Seems like everyone’s a victim in the USA these days, from college “snowflakes” who can’t abide someone with views unlike theirs within miles of their campuses to allegedly assaulted women wearing sexually explicit hats to multi-millionaire football players who are sure there’s something wrong but can’t always remember what it is (other than Donald Trump). The latest of the many entries in this “Great American Victim Derby” is Puerto Rico — or at least a significant part of the island’s leadership.
Who will win this derby?
It’s anybody’s guess, but the thing about playing the victim game is that even — perhaps especially — when you do win, you’re even more likely to continue to be a victim and play some more. Victimhood is self-perpetuating — a spiritual, emotional, political, and economic rerun out of the movie “Groundhog Day.” Every year it’s the same thing and nothing changes. Something bad happens and there you go again, drinking from the trough until you pass out like a fraternity boy being hazed for the thousandth time.
Why not try something different for a change — like taking responsibility?
Are you listening, Puerto Rico?
It’s an old story. The island has always hovered on the brink of collapse. Self-sufficiency was an illusion. I remember growing up in New York City in the fifties and the non-stop immigration of Puerto Ricans (I lived on the edge of Spanish Harlem). No one seemed to be going the other way — to Puerto Rico — despite its balmy Caribbean climate and gorgeous beaches. Maybe that was part of the problem. If you visit a tropical island, the last thing on your mind is work. You want to kick back and enjoy neverneverland as long as you can. To some extent, it’s the same for locals. Dolce far niente is a great lifestyle, if you can hack it — seemingly stress free. I’m envious. But everything has a price. You look around and things are dissolving . No infrastructure. No nada. Calamity strikes. And there you are asking for a handout again.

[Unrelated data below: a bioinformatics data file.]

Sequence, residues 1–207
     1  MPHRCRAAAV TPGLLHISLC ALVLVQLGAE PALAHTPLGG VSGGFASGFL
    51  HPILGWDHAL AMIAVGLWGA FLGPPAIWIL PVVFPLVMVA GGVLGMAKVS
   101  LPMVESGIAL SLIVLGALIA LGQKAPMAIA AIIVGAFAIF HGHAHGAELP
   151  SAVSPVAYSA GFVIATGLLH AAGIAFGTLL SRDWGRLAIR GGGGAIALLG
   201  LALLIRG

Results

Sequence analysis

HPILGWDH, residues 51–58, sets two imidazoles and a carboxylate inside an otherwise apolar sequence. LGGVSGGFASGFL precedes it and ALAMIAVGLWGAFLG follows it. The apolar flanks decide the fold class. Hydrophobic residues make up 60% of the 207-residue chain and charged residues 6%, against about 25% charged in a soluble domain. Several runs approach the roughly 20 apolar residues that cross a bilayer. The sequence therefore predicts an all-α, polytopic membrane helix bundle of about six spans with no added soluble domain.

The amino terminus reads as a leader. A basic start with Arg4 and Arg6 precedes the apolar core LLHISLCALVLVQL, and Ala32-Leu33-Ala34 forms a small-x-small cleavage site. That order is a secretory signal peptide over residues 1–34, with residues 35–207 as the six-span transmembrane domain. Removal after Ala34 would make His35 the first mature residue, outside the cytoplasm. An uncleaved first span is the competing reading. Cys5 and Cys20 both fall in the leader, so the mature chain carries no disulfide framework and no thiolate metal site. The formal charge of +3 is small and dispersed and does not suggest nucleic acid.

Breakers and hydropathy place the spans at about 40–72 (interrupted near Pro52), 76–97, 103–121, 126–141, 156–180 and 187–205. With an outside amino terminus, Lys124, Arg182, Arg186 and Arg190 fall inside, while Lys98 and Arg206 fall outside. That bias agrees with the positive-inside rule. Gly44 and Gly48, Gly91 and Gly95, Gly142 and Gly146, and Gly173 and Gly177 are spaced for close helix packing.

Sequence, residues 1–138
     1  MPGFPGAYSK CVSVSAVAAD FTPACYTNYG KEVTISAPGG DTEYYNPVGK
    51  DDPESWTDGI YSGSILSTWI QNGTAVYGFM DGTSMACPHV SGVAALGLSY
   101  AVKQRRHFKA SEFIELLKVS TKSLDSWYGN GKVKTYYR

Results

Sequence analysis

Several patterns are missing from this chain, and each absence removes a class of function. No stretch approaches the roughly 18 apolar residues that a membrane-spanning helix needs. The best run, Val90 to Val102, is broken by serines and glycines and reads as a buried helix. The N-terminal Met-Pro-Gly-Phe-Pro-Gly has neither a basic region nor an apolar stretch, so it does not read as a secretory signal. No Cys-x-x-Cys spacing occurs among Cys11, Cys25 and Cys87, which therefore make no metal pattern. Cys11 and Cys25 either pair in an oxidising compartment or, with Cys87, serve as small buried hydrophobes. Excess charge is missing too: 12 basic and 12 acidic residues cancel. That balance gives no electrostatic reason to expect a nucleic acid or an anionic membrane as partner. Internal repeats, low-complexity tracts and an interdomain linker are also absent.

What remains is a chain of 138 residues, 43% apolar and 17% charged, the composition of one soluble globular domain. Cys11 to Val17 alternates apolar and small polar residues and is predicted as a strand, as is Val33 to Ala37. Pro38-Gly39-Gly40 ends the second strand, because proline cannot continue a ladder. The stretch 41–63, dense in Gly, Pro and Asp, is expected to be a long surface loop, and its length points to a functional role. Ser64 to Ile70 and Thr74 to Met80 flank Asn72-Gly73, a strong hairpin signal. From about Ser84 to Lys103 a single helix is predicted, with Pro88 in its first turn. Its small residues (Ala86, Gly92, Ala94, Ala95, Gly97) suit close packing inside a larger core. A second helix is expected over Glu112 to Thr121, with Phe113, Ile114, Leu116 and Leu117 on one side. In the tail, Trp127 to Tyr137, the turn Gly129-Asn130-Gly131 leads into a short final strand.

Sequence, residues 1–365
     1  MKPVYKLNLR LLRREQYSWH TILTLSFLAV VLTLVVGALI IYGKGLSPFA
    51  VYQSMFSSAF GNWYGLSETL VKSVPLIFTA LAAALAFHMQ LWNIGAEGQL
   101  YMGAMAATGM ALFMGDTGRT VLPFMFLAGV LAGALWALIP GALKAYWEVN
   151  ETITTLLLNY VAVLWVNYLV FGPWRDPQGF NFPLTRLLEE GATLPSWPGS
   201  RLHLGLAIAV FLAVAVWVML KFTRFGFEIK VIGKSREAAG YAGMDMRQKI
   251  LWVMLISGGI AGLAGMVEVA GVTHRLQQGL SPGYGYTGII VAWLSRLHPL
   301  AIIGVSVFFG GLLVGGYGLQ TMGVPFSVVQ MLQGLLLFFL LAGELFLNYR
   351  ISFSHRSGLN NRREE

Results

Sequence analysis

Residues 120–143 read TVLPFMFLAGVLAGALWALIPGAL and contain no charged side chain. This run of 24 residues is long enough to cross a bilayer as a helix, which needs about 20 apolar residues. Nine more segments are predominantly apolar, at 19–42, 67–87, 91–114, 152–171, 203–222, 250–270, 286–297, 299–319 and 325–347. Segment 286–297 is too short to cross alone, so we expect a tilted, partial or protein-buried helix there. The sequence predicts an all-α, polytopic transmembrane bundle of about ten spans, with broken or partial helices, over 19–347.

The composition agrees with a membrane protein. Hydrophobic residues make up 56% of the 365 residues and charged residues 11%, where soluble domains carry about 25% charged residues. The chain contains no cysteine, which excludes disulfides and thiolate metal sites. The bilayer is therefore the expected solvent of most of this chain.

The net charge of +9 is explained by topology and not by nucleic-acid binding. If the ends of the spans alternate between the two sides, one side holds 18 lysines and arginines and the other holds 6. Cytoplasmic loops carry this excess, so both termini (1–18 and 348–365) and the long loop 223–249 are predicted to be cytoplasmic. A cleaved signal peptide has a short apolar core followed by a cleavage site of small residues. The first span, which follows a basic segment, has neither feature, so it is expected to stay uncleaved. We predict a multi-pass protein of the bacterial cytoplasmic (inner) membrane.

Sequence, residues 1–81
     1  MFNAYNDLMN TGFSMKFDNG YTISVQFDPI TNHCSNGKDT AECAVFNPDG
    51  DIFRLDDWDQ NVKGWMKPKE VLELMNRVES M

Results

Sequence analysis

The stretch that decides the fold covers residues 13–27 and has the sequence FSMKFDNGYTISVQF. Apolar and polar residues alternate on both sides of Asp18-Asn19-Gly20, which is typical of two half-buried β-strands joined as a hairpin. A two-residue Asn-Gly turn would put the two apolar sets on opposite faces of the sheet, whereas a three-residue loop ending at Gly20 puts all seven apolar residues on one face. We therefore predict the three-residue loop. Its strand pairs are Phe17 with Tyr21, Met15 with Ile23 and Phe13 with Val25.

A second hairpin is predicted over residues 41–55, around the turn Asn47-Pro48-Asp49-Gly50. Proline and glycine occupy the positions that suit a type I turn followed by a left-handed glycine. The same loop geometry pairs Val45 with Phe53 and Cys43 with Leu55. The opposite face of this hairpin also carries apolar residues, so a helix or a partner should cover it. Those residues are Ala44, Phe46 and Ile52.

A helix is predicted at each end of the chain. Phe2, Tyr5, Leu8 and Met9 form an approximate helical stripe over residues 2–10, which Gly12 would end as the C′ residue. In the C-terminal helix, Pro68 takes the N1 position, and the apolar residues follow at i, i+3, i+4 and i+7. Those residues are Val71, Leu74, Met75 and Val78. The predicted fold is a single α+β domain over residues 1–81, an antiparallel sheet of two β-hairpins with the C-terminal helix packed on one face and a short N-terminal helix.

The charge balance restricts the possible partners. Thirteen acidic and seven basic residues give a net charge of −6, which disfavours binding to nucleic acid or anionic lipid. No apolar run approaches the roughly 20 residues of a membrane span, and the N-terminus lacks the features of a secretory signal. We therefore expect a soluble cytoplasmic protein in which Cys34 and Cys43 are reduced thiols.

I’m not saying we shouldn’t help Puerto Rico. We must and should. The situation is dreadful. But this is a learning opportunity for the islanders. They should take it. Blaming Donald Trump is the most reactionary and self-destructive thing they can do. It’s victimhood redux. Leave that to the rapacious ideologues at CNN, the New York Times, etc. They’d blame the eruption of the Indonesian volcanoes on Trump, if that were possible — and even it it weren’t.
Despite what global warming fanatics might say, hurricanes are nothing new in Puerto Rico. There were obviously plenty of them from time immemorial, long before the island was even inhabited. If you’re living on the island you know that from childhood. Every year brings a hurricane season. For the last decade it was pretty inconsequential, then it went crazy. It’s God’s lottery.
So you have choices: you can leave the island, you can stay and do nothing, or you can stay and do something — that is, build a hurricane-mitigating infrastructure the way California has, at least to some extent, hardened itself against the inevitable earthquakes.
A fourth way exists, and unfortunately it seems prevalent in Puerto Rico if we listen to the self-serving blather of San Juan’s mayor or trust the veracity — on the same subject — of this recorded phone call from a female Puerto Rican police officer. (Sadly, I do.) That is the way of evil, politically exploitative leadership:
Radio Announcer: What is your name?
Police Caller: I cannot give my name because I work for Puerto Rico’s Police Department. I need to pass this information out because the stuff that is being brought from the U.S. is not being distributed. They are not allowing the Puerto Rican people to receive the donations.
Radio Announcer: What part of Puerto Rico are you calling us from right now?
Police Caller: I am right now in Guaynabo.
Radio Announcer 2: Wow.
Radio Announcer 3: But what information do you have? What have you seen?
Police Caller: The Mayor, Carmen Yulin, is not allowing anyone to distribute… We need… what Puerto Ricans need is that the U.S. armed forces come in and distribute the aid. And that they stop the governor, Rosello, and the mayor, Yulin, on doing what they are doing… It’s an abuse, it looks like communism, in our own island (sobbing)… (sobbing continues, inaudible translation due to cries)…
Communism. Interesting she says that because it has been my observation that in places (countries) where people are reluctant to act for themselves, communism, or some form of totalitarianism, moves in. It’s almost biological, or chemical — the abhorring of a vacuum. It’s also yet more proof of Edmund Burke’s oft-quoted dictum: “The only thing necessary for the triumph of evil is for good men to do nothing.”
So this is a teaching moment for Puerto Rico. Will they take it?
One more time….
Roger L. Simon is an award-winning novelist, Academy Award-nominated screenwriter and co-founder of PJ Media. His latest book is I Know Best: How Moral Narcissism Is Destroying Our Republic, If It Hasn’t Already. Follow him on Twitter @rogerlsimon.